If any ” revive and regreen the land lifeculture ” people are reading this thread, they might want to offer ideas as to what those lifeculture people can do to foster regreening of those areas, however tiny, which are within their control and which the deathculture people can do nothing about. And they might want to bring here advice on what to support and what to boycott to weaken, degrade and attrit the economic and social power of the deathculture people to spread their ecodeath terracide within particular countries where “support this and boycott that” activities exist to be undertaken.

    For example, the co-op where I live ( and the brushy woods next to it) still seem to be low-poison enough that when any of us plant pollinator-insect-attracting flowering plants, that a lot of pollinator insects still come to them. I notice, for example, that a lot of honeybees still come to my sedum flowers. Those honeybees must be survivng somewhere, that they are still alive enough to visit my sedum flowers. And many kinds of pollinators visit my goldenrod flowers, because I have goldenrod flowers for them to visit. And so forth and so on.

    A few million green-minded suburban yardowners could create a few million green-minded low-poison microcenters of insect survival. If the surrounding world gets de-poisoned enough, insect survivors from those micro-fortresses of insect survival could spread back out to the surrounding world. IFF! . . . insects are kept alive within a few million fortresses of suburban micro-fortresses of green insect survival.

  12. Mary Bennett

    different clue, I have a set speech I give when new neighbors move in. It goes like this (only a bit more politely expressed): Mr. or Ms. New Neighbor, I do not care how many guns you have. I don’t care if you park a tank in your back yard, but you will please refrain from spraying roundup or pesticides into mine. I will sometimes reference roses which cannot tolerate herbicide. Really, they can’t. I try to play on the private property angle–the landlord says I can grow whatever I want, and (it is implied) the landlord really likes rent on time like clockwork and no hassles.

    Other than that, start where you are with what you have. Produce, don’t consume. The more you do for yourself, that opens up cultural space for other less brave persons to do the same. An added bonus, the wokies really, truly hate self-reliant people. Don’t ask me why. I couldn’t say although I do have some theories.

    A new org and website called Real Organic Project is worth a look. And, the way food prices have gone up, with no end in sight, it can now make sense to buy from your Farmer’s Market vendor and cook at home. I found out that fluid milk can be frozen in a glass jar, so long as I leave room for expansion. I don’t drink milk, but I do cook with it. 5 bucks for a jug of special grass-fed organic milk from the local guy isn’t so expensive if I spread it out over several weeks.

  13. Trinity

    Ian, I also read both her Merlin books when I was young. I read a lot of books as a kid, but few were as memorable as hers. Another unforgettable book from that time was A Passage to India. Most “modern” books lack that rich detail that really brings the story alive, a much more immersive and memorable experience.

    “All you know is you have the sads because some crucial part of your displaced urbanite soul is missing — Connection to the elements that make you, you.”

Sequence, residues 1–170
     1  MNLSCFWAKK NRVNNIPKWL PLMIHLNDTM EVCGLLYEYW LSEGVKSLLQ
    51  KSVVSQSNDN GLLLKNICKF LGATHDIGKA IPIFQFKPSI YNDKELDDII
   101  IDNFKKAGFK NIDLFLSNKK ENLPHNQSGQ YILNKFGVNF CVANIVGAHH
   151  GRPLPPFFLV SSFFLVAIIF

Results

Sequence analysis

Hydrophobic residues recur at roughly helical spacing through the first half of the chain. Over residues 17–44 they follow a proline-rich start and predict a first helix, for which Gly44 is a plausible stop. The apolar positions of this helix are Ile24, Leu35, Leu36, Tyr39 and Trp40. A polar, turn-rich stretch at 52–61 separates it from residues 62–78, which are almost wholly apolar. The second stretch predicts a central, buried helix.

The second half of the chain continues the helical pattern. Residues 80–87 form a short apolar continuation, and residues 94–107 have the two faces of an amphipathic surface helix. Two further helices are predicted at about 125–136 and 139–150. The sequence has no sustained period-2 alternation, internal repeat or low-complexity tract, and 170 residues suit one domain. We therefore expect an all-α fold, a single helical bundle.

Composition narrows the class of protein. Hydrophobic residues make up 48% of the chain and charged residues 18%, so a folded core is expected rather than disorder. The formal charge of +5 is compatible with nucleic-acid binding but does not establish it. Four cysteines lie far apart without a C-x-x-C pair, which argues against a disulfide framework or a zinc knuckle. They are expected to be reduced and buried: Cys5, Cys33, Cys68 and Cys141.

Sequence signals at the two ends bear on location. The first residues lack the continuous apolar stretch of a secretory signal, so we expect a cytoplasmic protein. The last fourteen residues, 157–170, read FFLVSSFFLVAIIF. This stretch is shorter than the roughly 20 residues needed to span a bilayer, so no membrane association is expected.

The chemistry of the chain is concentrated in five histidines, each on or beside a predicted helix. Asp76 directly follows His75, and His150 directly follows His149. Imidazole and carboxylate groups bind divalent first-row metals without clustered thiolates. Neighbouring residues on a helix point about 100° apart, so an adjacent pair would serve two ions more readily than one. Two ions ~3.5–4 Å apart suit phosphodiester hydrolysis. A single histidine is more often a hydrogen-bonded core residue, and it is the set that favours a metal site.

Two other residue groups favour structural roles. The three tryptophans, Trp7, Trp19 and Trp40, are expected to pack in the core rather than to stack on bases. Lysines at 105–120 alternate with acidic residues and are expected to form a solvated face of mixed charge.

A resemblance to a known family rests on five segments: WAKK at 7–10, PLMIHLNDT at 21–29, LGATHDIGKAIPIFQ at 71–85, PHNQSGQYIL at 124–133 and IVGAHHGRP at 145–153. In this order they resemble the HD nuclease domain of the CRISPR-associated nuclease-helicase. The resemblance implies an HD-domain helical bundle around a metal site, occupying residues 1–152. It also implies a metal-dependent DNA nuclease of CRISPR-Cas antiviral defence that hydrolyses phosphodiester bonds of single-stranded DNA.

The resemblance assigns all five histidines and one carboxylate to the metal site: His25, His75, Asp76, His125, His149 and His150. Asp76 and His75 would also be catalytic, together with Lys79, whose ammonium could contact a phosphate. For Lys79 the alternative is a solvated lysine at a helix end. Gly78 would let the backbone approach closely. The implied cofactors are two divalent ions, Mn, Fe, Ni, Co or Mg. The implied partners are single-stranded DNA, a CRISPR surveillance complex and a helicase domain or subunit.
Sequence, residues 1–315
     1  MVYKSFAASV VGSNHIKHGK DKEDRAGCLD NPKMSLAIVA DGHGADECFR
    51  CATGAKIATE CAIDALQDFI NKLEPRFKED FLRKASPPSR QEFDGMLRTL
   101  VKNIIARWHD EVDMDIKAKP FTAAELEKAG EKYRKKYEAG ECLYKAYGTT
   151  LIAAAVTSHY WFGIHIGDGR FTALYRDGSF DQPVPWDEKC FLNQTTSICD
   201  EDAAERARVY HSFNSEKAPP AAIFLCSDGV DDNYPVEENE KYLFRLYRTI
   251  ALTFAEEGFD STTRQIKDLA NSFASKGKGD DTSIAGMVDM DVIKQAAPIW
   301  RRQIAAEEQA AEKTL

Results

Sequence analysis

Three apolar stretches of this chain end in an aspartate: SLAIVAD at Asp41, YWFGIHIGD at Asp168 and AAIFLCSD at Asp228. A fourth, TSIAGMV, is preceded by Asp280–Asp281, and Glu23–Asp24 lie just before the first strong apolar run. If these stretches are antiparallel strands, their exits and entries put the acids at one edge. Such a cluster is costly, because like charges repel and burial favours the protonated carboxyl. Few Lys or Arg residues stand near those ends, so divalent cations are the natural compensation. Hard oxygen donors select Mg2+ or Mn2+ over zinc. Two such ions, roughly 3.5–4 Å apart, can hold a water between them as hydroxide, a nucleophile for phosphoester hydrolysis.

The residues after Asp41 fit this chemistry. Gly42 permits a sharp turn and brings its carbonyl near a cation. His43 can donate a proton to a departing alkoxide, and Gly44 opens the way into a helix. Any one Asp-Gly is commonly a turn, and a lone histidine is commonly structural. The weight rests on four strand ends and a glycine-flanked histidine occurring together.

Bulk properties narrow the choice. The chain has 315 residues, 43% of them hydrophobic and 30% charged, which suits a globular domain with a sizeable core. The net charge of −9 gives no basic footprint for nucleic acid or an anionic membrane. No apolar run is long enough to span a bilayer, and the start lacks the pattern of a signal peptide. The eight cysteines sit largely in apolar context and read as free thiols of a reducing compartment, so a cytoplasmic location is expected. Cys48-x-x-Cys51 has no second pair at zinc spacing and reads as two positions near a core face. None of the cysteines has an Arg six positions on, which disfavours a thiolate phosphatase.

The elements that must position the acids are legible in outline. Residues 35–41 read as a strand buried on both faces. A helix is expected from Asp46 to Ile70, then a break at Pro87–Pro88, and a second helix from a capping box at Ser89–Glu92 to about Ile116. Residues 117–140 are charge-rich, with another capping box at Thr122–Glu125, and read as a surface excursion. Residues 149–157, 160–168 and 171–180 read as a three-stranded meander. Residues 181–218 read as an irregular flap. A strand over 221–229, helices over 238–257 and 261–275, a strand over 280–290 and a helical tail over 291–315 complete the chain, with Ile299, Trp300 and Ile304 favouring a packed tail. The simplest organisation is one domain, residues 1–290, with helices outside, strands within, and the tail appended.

This is me. One can have the sads in the middle of what looks like paradise, but is soon revealed to be yet another over sprayed toxic factory farm, operated by yet another narcissistic family seeking control over everyone and everything they can grasp. The bumble bees are already gone, and it’s been a couple of years since I saw a hummingbird or wild turkey or fox, but hey! There’s a nifty new, professionally designed solid wood sign with a farm name on it, and the veal keeps getting loaded onto the truck a few months after the bull’s visit. The only plant grown is hay, so we are only eating the pesticides and herbicides indirectly, not that it matters.

    I’ve been unable to grow my own food. The land is out of the question, and none of it is mine anyway. Indoors I’ve had no success because the spider mites are so extensive, and can apparently hibernate right up until something green appears. They eat everything from the inside out, so it can be days or weeks before you realize they are there, and they are so incredibly small you almost can’t see them.

    I can move, but I have no idea where to go and no ties to bind me, no one landscape that calls to me, I’ve experienced so many! Right now, it’s anywhere but here, which is completely unhelpful.

    The land will never come back the same. One of the main lessons from my environmental restoration classes is that the land can never be remade to what it was. You’ll hear people say it can, but it’s been shown (over and over again) that it cannot. This is partly the lesson of “everything is connected to everything else” but also why you hear clamoring about vanishing individual species. Every species played a part in what was. Every species is important. Many are now lost, perhaps forever. The sickness that is the overclass will repent one day, but not anytime soon.

    All is not lost for the land, however. I’m sure that our tech overlords are planning digital versions of what used to be, and will be happy to sell us the experience for a price. /sarc

  14. different clue

    @Mary Bennett,

    I am intrigued by the statement that wokies really truly hate self-reliant people. I don’t know if anyone else here is interested in any possible theories as to why, but I would be interested. I wonder if I have to start regarding wokies as yet another enemy plotting against eco-peasantism as eco-peasantism begins to emerge.